9. 9. SOCIAL ANTHROPOLOGY essay: BUILDING COMMUNITIES. Following Lefebvre´s idea of «reaching out for a new humanism», one must embrace and facilitate the social life of the city. The first step to achieving this is, according to Lefebvre, to enable disadvantaged groups to voice their views and facilitate their contributions to the social production of space. Following from this, «the art of building cities» translates into a process of involving local people in urban redevelopment to stimulate the creation of social relations and address issues related to identity and belonging. IN ORDER TO ENABLE local communities and facilitate the social production of space, one can employ the principles of participatory practice. Participatory action research (PAR) has been adopted by community workers - those engaged in services to e.g. youth and elderly, urban regeneration, public health, and nursing - to strengthen and support the ability of communities to grow and change. PAR is a process of education. The interdisciplinary field of participatory action research is a flexible tool that helps identify and meet the particular needs of the individuals or groups in a community, and will thus improve the chances of making well-functioning systems. In action learning, the participants begin to rethink their priorities and how they relate specifically to their living conditions. It also enhances the participants’ competence in seeing factors of power and domination in social space. Action planning is a methodology for building consensus for action and ties into a project approach, which leads to participants taking ownerships of the process.
  10. 10. The small town of Kongsberg characteristics • a `typical´ small-sized inland town in Eastern Norway • population: 24 000 • history of silver mining provide strong local identity • highest education level in the country • main attractions: ski resort & international jazzfestival • voted `best place to live´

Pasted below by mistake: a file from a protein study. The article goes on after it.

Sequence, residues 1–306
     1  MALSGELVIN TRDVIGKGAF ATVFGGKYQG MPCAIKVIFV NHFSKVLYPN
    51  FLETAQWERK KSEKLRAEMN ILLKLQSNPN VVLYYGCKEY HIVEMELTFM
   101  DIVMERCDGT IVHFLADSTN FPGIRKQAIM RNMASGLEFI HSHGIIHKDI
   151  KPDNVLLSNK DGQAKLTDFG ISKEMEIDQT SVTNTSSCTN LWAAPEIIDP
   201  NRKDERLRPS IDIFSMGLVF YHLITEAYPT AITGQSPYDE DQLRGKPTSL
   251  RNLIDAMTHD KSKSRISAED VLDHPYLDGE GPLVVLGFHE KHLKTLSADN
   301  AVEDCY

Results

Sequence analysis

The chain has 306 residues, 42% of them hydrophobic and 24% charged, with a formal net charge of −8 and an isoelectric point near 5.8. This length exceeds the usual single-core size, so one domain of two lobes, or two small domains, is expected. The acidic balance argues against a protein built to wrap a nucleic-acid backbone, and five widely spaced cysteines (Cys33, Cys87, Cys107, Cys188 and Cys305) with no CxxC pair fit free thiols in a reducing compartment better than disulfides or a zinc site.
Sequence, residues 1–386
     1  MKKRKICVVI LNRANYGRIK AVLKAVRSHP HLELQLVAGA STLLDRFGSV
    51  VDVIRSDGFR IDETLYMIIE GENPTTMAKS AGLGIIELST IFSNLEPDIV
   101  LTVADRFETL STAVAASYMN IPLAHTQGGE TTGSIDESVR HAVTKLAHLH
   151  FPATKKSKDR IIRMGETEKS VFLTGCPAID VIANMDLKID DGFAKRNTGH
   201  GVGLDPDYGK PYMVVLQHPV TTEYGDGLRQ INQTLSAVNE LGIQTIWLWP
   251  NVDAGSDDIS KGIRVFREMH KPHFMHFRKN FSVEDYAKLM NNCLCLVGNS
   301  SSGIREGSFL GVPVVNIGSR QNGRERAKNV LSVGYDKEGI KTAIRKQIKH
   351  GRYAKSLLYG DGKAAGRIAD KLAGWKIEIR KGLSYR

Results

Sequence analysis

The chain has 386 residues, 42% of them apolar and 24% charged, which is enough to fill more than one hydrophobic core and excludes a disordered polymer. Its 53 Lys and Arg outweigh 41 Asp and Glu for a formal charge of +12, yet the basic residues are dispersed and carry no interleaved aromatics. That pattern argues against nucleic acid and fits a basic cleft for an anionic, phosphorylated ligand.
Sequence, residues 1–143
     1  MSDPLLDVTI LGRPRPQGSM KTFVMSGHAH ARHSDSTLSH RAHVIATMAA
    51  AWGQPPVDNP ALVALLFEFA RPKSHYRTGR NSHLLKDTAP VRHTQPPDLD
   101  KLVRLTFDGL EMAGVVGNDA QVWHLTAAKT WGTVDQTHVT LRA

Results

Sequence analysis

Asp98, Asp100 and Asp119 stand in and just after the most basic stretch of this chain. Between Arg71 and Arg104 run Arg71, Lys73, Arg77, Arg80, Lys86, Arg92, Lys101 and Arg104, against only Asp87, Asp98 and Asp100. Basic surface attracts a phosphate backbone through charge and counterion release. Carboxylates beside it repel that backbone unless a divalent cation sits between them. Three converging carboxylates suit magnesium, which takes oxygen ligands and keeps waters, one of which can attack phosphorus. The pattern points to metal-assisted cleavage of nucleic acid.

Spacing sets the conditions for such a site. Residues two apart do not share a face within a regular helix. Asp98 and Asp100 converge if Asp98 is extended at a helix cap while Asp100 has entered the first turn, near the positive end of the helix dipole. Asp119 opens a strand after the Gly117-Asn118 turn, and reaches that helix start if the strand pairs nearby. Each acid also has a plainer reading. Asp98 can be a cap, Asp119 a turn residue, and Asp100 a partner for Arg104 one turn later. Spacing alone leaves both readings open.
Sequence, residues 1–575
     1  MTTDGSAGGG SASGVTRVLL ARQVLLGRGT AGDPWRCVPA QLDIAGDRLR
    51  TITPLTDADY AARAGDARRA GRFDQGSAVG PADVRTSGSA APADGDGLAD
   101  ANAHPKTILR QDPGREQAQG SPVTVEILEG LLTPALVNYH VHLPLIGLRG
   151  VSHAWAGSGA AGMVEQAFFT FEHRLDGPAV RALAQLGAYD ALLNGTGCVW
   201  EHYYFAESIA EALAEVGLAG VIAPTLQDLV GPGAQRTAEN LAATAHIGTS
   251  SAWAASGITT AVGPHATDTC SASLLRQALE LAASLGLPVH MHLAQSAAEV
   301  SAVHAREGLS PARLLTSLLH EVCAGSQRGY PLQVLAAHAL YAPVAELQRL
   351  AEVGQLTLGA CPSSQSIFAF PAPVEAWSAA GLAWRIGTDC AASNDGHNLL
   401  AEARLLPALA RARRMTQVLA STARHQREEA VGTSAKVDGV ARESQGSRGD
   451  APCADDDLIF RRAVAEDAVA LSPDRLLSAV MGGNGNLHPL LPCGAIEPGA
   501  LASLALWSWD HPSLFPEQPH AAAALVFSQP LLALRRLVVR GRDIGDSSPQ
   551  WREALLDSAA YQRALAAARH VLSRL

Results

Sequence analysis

11. 11. Houston The small town of Kongsberg scale Aberdeen INCREASE IN EMPLOYEES, % Kongsberg 5,0 24 000 3,8 18 000 2,5 12 000 CORPORATE 1,3 • dense conglomeration of world leading high-tech industries (automotive-/aero-/space- & sub sea technologies) 6 000 0 • approx. 5500 employees in a local industrial park RESIDENTIAL GROWTH, % POPULATION • 4500 persons commute regionally to Kbg. every day, (2500 out) -1,3 0 • competes globally with Aberdeen, Houston etc. to attract staff 1951 1955 1959 1963 1967 1971 1975 1979 1983 1987 1991 1995 1999 2003 2007 • face grand challenges in keeping itself attractive to residents
  12. 12. The small town of Kongsberg political vision OFFICIAL DEVELOPMENT POLICY: • to increase population to a `critical mass´ of 40 000 inhabitants (in 15-20 yrs) • attract families to settle in urban typologies in stead of traditional houses • develop an active city centre • expand city centre towards the north